(London :  Kegan Paul, Trench, Trübner & Co.,  1910.)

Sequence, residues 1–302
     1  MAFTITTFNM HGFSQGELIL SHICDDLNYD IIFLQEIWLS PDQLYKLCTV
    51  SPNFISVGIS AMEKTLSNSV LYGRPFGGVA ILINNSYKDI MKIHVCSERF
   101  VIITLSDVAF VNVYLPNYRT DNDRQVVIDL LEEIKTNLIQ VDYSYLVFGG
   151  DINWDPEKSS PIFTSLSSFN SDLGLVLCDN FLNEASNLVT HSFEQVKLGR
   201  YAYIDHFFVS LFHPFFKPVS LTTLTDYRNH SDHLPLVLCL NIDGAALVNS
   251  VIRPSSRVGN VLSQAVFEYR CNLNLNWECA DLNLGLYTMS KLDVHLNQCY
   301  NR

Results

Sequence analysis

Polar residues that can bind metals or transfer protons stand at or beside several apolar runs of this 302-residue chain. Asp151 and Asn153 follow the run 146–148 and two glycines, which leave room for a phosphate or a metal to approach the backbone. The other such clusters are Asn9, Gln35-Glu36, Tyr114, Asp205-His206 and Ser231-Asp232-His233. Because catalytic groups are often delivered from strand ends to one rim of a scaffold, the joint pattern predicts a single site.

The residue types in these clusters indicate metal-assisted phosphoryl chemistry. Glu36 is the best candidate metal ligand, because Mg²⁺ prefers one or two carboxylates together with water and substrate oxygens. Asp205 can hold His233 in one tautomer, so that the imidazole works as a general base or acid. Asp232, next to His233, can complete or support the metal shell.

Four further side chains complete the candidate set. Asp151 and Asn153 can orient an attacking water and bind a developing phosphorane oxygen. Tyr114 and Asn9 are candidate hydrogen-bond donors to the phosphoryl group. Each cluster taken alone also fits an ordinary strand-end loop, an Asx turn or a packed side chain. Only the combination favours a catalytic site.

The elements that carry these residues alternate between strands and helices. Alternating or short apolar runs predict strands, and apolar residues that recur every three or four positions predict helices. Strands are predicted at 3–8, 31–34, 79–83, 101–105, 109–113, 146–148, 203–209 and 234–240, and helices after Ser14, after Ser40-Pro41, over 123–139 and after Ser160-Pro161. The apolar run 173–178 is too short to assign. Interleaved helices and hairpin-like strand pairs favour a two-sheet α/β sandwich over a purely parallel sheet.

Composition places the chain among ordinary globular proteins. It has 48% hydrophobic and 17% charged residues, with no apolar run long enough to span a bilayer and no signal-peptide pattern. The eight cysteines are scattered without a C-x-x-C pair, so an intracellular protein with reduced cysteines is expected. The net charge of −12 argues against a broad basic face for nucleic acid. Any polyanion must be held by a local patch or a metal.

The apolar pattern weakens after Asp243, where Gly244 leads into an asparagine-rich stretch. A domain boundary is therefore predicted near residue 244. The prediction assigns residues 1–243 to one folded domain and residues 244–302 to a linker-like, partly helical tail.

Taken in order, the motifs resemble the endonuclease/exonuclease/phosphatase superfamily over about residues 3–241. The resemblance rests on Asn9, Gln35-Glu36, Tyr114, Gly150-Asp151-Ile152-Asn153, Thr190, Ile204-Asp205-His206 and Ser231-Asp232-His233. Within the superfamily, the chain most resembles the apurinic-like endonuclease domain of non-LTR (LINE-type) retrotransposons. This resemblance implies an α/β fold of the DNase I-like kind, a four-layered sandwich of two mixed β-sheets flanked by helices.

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 ``` 188 ALBERUNTS INDIA. Those days are lucky when the planets migrate from one sign into the other, especially the sun. These times Samkranti. are Called sctrhhrdnti. The most propitious of them are the days of the equinoxes and solstices, and of these the most propitious is the day of the vernal equinox. It is called bikhll or shibil (vishuvaf as the two sounds sh and kh may be exchanged for each other, and may also, by a metctthesis, change their place. As, however, a planet's entering a new sign does not require more than a moment of time, and, during it, people must offer to the fire the offering sdntct (?) with oil and corn, the Hindus have given a greater extent to these times, making them begin with the moment when the eastern edge of the body of the sun touches the first part of the sign ; reckoning as their middle the moment when the sun's centre reaches the first part of the sign, which is in astronomy considered as the time of the migration (of the planet from one sign to the other), and reckoning as the end that moment when the western edge of the sun's body touches the first part of the sign. This process lasts, in the case of the sun, nearly two hours. For the purpose of finding the times in the week when the sun migrates from one sign to another, they have several methods, one of which was dictated to me by Samaya (?). It is this :— Method for Subtract from the Sakakala 847, multiply the re- the moment maiudcr by 180, and divide the product by 143. The kroMti. quotient you get represents days, minutes, and seconds. This number is the basis. If you want to know at what time in the year in question the sun enters any one of the twelve signs, you look out the sign in the following table. Take the number which you find side by side with the sign in question, and add it to the basis, days to days, minutes to minutes, seconds to seconds. If the wholes amount to 7 or more, disregard them, and with the remainder ```